Gentle admonishments won't do much to stop currency manipulation

Posted by mmcmullan on 05/13/2014

Another day, another expensive dollar: U.S. Treasury Secretary Jack Lew met with his Chinese counterpart today and pressed him on the undervalued exchange rate of China’s currency.

'It is important that China demonstrate a renewed commitment to move to a more market-determined exchange rate,' Treasury Secretary Jacob Lew told China's top economic official, Premier Li Keqiang, in a meeting.

It is important! But why is this a big deal? Well: The New York Times reports that the yuan has fallen in value by 3 percent this year:

Analysts say China’s central bank is intervening in the currency markets to engineer a slide in the value of the currency. That would punish speculators and prevent big capital flows from the entering the country.

It also drives the price of China’s exports down by making the dollar more expensive in comparison. By weakening its currency, the Chinese authorities not only siphon off capital flows and crack down on speculators, they create an uneven playing field that adversely impacts American manufacturers. And doing so has cost a lot of manufacturing jobs here in the past.

The Treasury Department that Jack Lew oversees had a chance recently to name China a currency manipulator and initiate negotiations to end the practice. But the Treasury Department declined. Instead, Lew (and by association, the Obama Administration) opted for the gentle admonishment that he delivered today.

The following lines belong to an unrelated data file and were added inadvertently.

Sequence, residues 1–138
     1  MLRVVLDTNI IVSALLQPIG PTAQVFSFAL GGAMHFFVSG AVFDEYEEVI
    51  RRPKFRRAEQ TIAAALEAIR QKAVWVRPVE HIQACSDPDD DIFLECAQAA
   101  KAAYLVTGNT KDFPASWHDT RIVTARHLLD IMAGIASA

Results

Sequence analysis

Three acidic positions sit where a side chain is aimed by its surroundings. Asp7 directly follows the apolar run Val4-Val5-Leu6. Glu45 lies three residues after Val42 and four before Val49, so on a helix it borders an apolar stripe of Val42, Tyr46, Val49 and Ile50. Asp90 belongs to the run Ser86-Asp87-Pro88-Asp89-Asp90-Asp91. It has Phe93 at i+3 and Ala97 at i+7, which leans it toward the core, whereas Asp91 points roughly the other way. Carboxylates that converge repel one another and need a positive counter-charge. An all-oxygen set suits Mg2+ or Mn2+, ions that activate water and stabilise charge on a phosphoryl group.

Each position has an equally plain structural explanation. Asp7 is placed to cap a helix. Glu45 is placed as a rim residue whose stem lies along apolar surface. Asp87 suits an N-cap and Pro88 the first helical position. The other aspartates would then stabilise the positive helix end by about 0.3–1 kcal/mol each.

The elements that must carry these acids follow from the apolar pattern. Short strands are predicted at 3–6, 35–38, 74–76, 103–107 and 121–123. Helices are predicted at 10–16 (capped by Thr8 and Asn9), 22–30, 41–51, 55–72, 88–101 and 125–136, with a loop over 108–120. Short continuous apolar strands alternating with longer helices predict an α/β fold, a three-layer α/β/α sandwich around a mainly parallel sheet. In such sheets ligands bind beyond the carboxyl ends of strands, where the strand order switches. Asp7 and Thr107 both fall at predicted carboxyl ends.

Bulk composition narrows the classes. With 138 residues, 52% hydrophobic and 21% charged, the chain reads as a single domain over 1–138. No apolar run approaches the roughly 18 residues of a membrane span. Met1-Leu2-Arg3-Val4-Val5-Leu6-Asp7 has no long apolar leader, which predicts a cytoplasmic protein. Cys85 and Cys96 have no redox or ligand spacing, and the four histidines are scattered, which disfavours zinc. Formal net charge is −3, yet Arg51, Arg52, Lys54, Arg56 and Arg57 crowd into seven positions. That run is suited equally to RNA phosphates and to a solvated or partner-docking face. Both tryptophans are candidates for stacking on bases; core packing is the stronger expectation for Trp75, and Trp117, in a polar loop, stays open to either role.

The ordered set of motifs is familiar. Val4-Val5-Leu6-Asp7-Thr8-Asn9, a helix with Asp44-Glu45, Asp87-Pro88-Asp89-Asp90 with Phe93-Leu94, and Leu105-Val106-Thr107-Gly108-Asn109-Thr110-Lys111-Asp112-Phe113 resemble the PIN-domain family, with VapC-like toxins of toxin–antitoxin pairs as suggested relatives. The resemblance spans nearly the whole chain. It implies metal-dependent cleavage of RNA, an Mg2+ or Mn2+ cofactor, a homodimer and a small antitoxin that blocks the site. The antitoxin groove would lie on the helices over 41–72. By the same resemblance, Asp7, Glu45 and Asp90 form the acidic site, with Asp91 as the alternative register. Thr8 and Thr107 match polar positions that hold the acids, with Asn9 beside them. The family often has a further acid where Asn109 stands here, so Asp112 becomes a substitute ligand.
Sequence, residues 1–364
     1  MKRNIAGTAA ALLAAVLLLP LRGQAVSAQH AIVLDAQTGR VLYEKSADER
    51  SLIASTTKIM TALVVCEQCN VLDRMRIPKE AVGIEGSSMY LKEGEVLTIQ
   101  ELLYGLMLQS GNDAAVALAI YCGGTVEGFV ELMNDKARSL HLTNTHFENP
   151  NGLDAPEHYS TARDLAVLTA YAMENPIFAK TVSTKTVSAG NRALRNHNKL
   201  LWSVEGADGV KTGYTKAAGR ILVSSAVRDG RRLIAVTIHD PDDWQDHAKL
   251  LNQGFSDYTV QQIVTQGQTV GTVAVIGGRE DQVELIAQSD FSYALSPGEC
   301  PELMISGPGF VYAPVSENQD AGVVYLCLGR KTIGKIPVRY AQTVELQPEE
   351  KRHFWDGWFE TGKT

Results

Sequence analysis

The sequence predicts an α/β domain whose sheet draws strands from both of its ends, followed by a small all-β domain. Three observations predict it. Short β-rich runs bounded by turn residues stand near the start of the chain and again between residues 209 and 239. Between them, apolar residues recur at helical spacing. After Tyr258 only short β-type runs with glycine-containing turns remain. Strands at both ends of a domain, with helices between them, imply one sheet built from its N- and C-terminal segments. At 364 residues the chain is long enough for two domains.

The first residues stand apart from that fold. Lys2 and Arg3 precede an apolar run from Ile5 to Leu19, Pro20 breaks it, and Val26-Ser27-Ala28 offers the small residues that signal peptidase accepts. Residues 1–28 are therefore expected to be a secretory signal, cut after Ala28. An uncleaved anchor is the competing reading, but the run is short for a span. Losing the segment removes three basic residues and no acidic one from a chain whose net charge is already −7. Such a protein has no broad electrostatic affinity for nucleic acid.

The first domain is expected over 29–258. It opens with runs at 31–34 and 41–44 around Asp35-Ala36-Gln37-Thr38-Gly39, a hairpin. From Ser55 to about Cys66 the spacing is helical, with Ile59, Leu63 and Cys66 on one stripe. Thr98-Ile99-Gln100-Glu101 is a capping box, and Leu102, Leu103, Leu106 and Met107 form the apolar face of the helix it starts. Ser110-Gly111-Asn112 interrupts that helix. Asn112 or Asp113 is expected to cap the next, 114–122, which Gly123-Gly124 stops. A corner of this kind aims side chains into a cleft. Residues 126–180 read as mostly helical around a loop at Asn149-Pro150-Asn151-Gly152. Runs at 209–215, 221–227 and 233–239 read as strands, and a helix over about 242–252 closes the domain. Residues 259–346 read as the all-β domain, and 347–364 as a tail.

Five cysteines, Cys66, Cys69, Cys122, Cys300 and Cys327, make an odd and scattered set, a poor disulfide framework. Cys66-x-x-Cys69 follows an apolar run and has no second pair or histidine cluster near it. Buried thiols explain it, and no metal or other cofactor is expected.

That’s puzzling, because even the suggestion of serious action on currency manipulation in the past has caused China’s currency to move toward a “market-determined exchange rate."

A Senate procedural vote in 2005 that marked the first step toward addressing Beijing's currency manipulation provoked an immediate rise in the yuan. When then-Treasury Secretary Timothy Geithner threatened action ahead of a G-20 meeting in 2010, the yuan rose. It rose again during House and Senate votes on currency legislation in 2010 and 2011. And when President Barack Obama and GOP challenger Mitt Romney promised to get tough on the Chinese government's trade practices during the 2012 campaign, guess what happened? The yuan moved.

Funny how that works. Meanwhile, the rate of the yuan's appreciation was actually faster during the Bush administration than it has been during President Obama's time in the White House. This recent backsliding won't help that disparity.

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